The next morning, I found him dead in the corral. Heart attack, stroke, whatever........he was dead. There were no signs of a struggle, looked like he just lay down and went to sleep.
It was early Spring, so Felix dug the hole, and we carefully moved Cisco down, next to Tessa. I managed to hold it all together until the last scoop of dirt was patted into place on the grave.

Then I pretty much came unhinged. Instead of hugging me and telling me it would be alright, those awful words came out of his mouth:

*I wish you would get rid of ALL your animals.*

Certainly not what I wanted to hear, but it did stop the tears long enough for me to ask *Why would you say such a thing?*
His answer was:
*Because I see how much it hurts, every time you lose a critter........and I don't like to see you hurting so bad.*
But he still helps......and he knows I won't give up my animals.
Almost 4 years ago, I had to have our lab, Velvet, put down. I wrapped her in a blanket, and Felix and I dug a hole in the rain, down in my *pet cemetery*.......down by Cisco and Tessa, several cats, and countless ferrets. It's getting pretty crowded down there. A high spot towards the front of our 2 acre lot, covered with white violets in the Spring, it's a peaceful place that, yup, Felix picked it out as the best spot.

2 years ago, I lost my old old Nubian doe, Gabby. Felix and I went down to dig the grave. We both thought we were far enough away from anything else buried down there (I am sadly behind on markers).......when all of a sudden, he raised his tractor forks, and there was a purple blanket caught on one.
*What the hell???*
*Oh, stop, STOP!!! OMG, you dug up Velvet!!!*
*Yup, she's still dead, too!!!*

Gabby went to her final resting place with more laughter than tears.......and closer to Velvet than she probably thought she should be......LOL
Felix. The world's coolest Dad.......who saw nothing wrong with giving me a chainsaw for Christmas last year........so I can keep the branches trimmed off on the corral fencing.......LOL......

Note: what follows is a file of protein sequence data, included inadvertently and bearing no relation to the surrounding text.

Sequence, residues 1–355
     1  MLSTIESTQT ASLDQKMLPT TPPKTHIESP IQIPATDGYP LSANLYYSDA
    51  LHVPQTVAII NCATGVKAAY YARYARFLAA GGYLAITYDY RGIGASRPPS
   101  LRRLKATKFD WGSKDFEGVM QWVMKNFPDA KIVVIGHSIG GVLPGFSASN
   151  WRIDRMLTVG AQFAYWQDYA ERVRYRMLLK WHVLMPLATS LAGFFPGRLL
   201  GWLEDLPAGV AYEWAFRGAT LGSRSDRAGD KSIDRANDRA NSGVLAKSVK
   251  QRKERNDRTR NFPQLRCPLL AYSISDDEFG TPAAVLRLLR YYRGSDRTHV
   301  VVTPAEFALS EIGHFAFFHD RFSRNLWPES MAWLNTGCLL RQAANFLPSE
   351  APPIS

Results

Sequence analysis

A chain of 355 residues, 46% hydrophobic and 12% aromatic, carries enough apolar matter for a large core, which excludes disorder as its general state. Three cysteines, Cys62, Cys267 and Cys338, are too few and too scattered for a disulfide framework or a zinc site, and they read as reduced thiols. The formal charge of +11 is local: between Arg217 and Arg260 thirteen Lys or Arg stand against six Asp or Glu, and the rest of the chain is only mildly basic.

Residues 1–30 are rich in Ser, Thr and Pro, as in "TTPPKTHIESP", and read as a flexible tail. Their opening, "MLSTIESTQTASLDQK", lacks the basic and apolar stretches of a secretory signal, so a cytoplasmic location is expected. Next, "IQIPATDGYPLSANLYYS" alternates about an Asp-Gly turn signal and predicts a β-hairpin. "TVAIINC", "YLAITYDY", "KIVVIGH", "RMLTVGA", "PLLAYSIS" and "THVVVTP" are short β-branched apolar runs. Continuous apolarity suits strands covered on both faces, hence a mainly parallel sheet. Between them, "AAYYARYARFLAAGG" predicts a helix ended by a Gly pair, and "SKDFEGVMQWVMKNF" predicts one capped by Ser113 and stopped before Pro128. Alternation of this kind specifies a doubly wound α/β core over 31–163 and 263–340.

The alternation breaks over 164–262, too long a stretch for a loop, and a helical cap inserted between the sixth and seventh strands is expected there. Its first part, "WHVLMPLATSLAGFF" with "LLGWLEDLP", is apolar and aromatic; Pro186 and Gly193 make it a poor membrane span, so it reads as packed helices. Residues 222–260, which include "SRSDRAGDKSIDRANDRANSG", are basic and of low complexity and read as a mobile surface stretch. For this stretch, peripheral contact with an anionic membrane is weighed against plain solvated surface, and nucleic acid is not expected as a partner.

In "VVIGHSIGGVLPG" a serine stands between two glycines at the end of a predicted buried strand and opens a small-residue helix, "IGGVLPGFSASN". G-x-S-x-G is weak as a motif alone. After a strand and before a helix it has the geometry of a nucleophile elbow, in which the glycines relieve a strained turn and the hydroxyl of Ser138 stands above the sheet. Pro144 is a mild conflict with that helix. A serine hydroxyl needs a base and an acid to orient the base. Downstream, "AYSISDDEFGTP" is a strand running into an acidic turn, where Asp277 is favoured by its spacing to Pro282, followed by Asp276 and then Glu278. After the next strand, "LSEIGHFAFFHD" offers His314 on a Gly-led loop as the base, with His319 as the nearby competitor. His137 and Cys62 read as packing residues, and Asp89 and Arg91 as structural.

35 comments:

autumnblaze said...

:) Great story.

Char said...

AWESOME story! Reminded me a ton of my dear old dad.

Thanks for the smiles, and the tears. :)

barrelracingmom said...

Dads HATE to see their little girls cry, no matter how old each of them are! What a blessing to have your dad as your sidekick and also for support.

Denali said...

That is an amazing story!! Thanks for sharing! Dad's are amazing, I hope mine is as cool as yours when he's 88 years old!!

AKPonyGirl said...

Great story!

t_orchosky said...

Great Story!!! Makes me miss my Dad, he was always into something or supporting me in what I had gotten into. He left way too young.

Subject change - training question. How do you teach a horse to break at the pole? You probably already covered this, or are calling it something else, if so steer me to the right post. My speed walker is coming along very nice and I see now that he's slowed down there are alot of holes in his training.

gillian said...

I have a conditioning question to put out here. I'm switching for a while from 3x/week riding to 1x/week riding. Just a couple of months hopefully. What I want to know is this: How much do I have to lay off the lil' mare now that she's not out as much. Can a horse thats only out once a week still lope about a mile or do I need to cut it back?